- Plant-based meats have gained popularity, but consumers should be aware of the nutritional differences between them and animal meats, especially in terms of protein content and absorption rates of nutrients such as iron and vitamin B12.
- Protein intake can be challenging for those avoiding animal products, as plant-based proteins often provide less protein compared to animal sources. Daily recommended intake suggests 46 grams for women, 56 grams for men.
- Not all plant-based alternatives are equal in terms of health benefits. Some processed meat substitutes can have higher sodium content and saturated fats, and may contain additives due to intense processing or genetic engineering.
- Beans and legumes like chickpeas, lentils, and soybeans can be healthier alternatives to meat substitutes. They’re rich in protein and provide good amounts of fiber and iron.
- Balance in your food choices and the right dietary moderation can contribute to a healthier lifestyle, allowing you to cater to your nutritional needs with a mix of animal products, fruits, vegetables, and other dietary choices.
From supermarkets to restaurant menus, there’s a visible upsurge in the inclusion of plant-based meat substitutes. These alternatives are not solely confined to the dietary habits of vegetarians and vegans. In fact, Nielsen’s research indicates that nearly 98% of meat substitute consumers also purchase traditional meat.
Meat Substitutes and Nutritional Balance
Despite the growing fondness for these ‘alt-meats’, it’s essential for consumers to address the nutritional differences between these and their conventional counterparts. This becomes paramount especially for those who’ve decided to completely put aside animal products.
“While finding alternative sources of protein isn’t difficult, those opting for a diet void of dairy, meat, or eggs might have difficulty reaching the recommended daily protein intake,” stated Jo Ann Carson, a retired professor of clinical nutrition at UT Southwestern Medical Center.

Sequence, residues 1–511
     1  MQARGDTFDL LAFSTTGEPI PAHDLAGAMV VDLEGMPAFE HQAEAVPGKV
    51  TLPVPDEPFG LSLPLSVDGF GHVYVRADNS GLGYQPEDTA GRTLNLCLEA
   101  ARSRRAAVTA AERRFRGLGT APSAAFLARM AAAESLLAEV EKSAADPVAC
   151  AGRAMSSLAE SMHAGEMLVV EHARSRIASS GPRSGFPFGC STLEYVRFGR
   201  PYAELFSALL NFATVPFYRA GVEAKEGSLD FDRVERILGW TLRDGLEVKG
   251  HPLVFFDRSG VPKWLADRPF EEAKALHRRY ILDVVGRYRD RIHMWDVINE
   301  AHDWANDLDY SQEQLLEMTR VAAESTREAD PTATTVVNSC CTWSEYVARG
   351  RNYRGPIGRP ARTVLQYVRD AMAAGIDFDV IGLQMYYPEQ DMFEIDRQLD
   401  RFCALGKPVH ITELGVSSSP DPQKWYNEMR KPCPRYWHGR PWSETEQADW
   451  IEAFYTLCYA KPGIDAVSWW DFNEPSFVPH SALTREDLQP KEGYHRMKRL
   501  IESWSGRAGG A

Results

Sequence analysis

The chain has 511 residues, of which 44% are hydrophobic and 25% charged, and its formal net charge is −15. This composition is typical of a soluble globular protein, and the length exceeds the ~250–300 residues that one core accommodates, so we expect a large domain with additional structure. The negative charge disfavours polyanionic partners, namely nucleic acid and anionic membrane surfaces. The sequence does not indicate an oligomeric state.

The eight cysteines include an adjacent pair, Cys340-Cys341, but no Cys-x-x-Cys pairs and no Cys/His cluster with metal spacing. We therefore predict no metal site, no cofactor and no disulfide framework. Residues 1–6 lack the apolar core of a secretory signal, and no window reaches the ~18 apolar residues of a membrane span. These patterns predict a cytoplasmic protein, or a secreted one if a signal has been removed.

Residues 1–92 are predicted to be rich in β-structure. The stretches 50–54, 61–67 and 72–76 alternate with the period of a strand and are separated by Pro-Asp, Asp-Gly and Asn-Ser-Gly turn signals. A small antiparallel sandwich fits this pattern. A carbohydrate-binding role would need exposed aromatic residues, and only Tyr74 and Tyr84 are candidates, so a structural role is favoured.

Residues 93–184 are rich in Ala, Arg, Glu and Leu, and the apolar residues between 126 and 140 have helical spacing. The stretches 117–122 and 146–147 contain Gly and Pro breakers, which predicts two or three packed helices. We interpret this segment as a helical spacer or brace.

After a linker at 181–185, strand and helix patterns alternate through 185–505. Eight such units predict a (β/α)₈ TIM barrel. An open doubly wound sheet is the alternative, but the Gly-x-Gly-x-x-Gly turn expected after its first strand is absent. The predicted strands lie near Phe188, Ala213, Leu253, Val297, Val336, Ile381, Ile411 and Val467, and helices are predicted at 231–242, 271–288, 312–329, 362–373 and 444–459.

For instance, traditional tofu offers about 8 grams of protein per 100 grams, whereas ground beef typically houses 19 grams and ground chicken around 17. The established dietary guidelines advocate for 10% to 35% of a day’s total calories to be obtained from proteins. This equates to a daily intake of 46 grams of protein for women and 56 grams for men.
The Full Story
However, the nutritional concerns do not stop at protein. “Animal-based iron, found in beef, is readily absorbed by the body, unlike plant-based iron. There’s also vitamin B12 to consider, which is mainly sourced from animal products or dietary supplements. A deficiency of this vitamin may potentially lead to anemia,” explained Mary Ellen Camire, a professor of food science and human nutrition at the University of Maine.
Identifying Healthier Alternatives
A study by restaurant consulting group Baum+Whiteman indicated that while 31% of Americans have meat-free diets on certain days and 83% are adding plant-based alternatives for their health, not all substitutes truly deliver on the health front.
Selecting meat substitutes often results in consuming more processed foods. The implications of this over the long term, according to Carson, aren’t entirely clear yet. Consumers must be aware of these potential trade-offs when opting for meat substitutes.
Camire added, “Many of these products are designed for their likeness to certain well-structured proteins but they can be both a gift and a curse. They may carry the same amount of protein as actual meat but usually come with a higher portion of sodium and may even have more saturated fats.”
Emerging reports suggest that the resemblance of these new meat substitutes to traditional meat in terms of texture, smell and even the ‘bleed’ factor, is a result of genetic engineering or intense processing.
“In stark contrast to the general preference for clean labels, many of these meat substitutes are laden with additives,” observed Camire.
An Alternative to the Alternatives
For a healthy alternative to meat, Camire suggests beans and legumes such as chickpeas, lentils and soybeans. These are rich in proteins and also a good source of fiber and iron.
The solution may ultimately lie in balancing your intake as per your nutritional needs among animal products, fruits, vegetables and other dietary choices.
While finding the right moderation and variety in diet can be challenging, they are integral to a healthier lifestyle – even if they may not be the most popular or ‘sexy’ topics.